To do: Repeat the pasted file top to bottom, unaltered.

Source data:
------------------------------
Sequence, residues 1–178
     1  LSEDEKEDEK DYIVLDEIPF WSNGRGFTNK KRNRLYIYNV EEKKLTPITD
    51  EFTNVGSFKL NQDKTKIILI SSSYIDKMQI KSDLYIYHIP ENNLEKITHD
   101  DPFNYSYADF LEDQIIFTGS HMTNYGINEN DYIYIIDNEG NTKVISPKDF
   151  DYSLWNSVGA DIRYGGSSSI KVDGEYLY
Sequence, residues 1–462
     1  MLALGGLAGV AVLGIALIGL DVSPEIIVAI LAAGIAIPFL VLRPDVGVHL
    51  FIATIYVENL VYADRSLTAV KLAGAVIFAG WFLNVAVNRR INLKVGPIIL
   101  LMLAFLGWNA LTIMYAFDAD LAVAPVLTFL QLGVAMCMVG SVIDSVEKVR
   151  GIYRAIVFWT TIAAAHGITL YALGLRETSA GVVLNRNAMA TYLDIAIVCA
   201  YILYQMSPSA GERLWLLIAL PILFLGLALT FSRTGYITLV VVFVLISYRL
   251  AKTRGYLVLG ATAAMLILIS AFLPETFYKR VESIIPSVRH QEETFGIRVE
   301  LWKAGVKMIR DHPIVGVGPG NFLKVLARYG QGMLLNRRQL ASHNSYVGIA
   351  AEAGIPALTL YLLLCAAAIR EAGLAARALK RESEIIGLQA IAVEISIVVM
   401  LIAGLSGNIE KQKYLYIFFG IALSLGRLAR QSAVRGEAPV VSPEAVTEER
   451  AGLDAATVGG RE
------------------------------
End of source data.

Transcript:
Sequence, residues 1–178
     1  LSEDEKEDEK DYIVLDEIPF WSNGRGFTNK KRNRLYIYNV EEKKLTPITD
    51  EFTNVGSFKL NQDKTKIILI SSSYIDKMQI KSDLYIYHIP ENNLEKITHD
   101  DPFNYSYADF LEDQIIFTGS HMTNYGINEN DYIYIIDNEG NTKVISPKDF
   151  DYSLWNSVGA DIRYGGSSSI KVDGEYLY
Sequence, residues 1–462
     1  MLALGGLAGV AVLGIALIGL DVSPEIIVAI LAAGIAIPFL VLRPDVGVHL
    51  FIATIYVENL VYADRSLTAV KLAGAVIFAG WFLNVAVNRR INLKVGPIIL
   101  LMLAFLGWNA LTIMYAFDAD LAVAPVLTFL QLGVAMCMVG SVIDSVEKVR
   151  GIYRAIVFWT TIAAAHGITL YALGLRETSA GVVLNRNAMA TYLDIAIVCA
   201  YILYQMSPSA GERLWLLIAL PILFLGLALT FSRTGYITLV VVFVLISYRL
   251  AKTRGYLVLG ATAAMLILIS AFLPETFYKR VESIIPSVRH QEETFGIRVE
   301  LWKAGVKMIR DHPIVGVGPG NFLKVLARYG QGMLLNRRQL ASHNSYVGIA
   351  AEAGIPALTL YLLLCAAAIR EAGLAARALK RESEIIGLQA IAVEISIVVM
   401  LIAGLSGNIE KQKYLYIFFG IALSLGRLAR QSAVRGEAPV VSPEAVTEER
   451  AGLDAATVGG RE